Measuring the Burden of Neglected Tropical Diseases: The Global Burden of Disease Framework
Mathers, Colin D.
Lopez, Alan D.
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CitationMathers, Colin D., Majid Ezzati, and Alan D. Lopez. 2007. Measuring the burden of neglected tropical diseases: the global burden of disease framework. PLoS Neglected Tropical Diseases 1(2): e114.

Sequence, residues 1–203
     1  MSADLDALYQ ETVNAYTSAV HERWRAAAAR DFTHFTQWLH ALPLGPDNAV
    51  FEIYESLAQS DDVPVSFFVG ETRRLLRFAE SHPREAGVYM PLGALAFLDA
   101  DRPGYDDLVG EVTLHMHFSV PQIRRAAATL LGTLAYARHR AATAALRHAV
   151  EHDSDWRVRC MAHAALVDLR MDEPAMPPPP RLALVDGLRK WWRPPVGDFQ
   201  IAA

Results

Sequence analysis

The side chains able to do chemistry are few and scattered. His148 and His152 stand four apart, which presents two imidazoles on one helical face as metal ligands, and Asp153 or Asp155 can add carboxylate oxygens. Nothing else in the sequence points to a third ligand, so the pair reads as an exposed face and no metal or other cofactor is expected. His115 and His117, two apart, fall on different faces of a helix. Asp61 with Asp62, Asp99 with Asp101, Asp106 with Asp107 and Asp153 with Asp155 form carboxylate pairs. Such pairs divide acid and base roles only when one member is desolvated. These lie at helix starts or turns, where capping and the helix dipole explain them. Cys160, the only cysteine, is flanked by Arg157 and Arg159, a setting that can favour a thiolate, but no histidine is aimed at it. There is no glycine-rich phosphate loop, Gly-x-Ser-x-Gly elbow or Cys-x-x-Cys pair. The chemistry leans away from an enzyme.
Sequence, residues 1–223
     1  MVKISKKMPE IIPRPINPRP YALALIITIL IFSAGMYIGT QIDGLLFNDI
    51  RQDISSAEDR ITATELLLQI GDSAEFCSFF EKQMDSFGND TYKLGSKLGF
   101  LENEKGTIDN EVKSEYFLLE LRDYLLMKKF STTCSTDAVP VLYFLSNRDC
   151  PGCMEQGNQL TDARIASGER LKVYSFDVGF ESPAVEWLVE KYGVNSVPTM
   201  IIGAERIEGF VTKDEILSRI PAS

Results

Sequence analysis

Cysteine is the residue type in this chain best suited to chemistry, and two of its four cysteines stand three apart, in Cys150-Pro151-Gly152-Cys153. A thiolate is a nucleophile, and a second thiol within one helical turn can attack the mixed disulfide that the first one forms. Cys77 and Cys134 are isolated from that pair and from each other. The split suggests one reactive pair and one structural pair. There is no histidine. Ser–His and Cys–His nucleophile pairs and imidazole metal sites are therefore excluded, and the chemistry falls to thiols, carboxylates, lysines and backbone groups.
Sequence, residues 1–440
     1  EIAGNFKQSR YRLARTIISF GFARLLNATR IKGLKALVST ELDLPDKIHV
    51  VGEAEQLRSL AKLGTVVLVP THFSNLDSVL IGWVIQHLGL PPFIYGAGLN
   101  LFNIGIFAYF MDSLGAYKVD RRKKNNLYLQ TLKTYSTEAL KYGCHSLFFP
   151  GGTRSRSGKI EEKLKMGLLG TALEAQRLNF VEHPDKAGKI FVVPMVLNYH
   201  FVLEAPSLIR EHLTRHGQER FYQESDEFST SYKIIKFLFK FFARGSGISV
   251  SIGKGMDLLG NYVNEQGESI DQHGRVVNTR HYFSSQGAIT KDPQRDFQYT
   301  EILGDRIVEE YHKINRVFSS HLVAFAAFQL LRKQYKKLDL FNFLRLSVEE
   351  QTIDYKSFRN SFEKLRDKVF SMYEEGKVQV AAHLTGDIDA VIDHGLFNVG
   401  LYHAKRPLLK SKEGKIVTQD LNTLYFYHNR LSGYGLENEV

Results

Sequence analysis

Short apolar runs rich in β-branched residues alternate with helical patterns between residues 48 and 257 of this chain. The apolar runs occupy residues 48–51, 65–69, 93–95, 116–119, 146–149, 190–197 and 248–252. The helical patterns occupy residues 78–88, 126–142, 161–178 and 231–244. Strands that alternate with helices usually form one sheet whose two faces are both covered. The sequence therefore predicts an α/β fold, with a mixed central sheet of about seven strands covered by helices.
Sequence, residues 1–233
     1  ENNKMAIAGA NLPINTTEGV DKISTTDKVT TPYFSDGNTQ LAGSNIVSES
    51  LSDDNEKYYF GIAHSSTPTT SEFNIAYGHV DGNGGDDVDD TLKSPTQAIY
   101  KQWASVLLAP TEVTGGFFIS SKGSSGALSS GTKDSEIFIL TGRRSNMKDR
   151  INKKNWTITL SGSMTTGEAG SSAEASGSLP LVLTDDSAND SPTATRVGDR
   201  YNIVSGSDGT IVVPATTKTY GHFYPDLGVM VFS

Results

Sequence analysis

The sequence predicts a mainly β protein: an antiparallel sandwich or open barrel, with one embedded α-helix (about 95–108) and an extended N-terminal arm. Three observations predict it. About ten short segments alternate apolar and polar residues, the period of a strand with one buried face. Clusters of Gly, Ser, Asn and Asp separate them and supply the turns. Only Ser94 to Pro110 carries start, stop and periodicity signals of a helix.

AbstractReliable, comparable information about the main causes of disease and injury in populations, and how these are changing, is a critical input for debates about priorities in the health sector. Traditional sources of information about the descriptive epidemiology of diseases, injuries, and risk factors are generally incomplete, fragmented, and of uncertain reliability and comparability. The Global Burden of Disease (GBD) study has provided a conceptual and methodological framework to quantify and compare the health of populations using a summary measure of both mortality and disability, the disability-adjusted life year (DALY). This paper describes key features of the Global Burden of Disease analytic approach, which provides a standardized measurement framework to permit comparisons across diseases and injuries, as well as risk factors, and a systematic approach to the evaluation of data. The paper describes the evolution of the GBD, starting from the first study for the year 1990, summarizes the methodological improvements incorporated into GBD revisions for the years 2000–2004 carried out by the World Health Organization, and examines priorities and issues for the next major GBD study, funded by the Bill & Melinda Gates Foundation, and commencing in 2007. The paper presents an overview of summary results from the Global Burden of Disease study 2002, with a particular focus on the neglected tropical diseases, and also an overview of the comparative risk assessment for 26 global risk factors. Taken together, trypanosomiasis, Chagas disease, schistosomiasis, leishmaniasis, lymphatic filariasis, onchocerciasis, intestinal nematode infections, Japanese encephalitis, dengue, and leprosy accounted for an estimated 177,000 deaths worldwide in 2002, mostly in sub-Saharan Africa, and about 20 million DALYs, or 1.3% of the global burden of disease and injuries. Further research is currently underway to revise and update these estimates.
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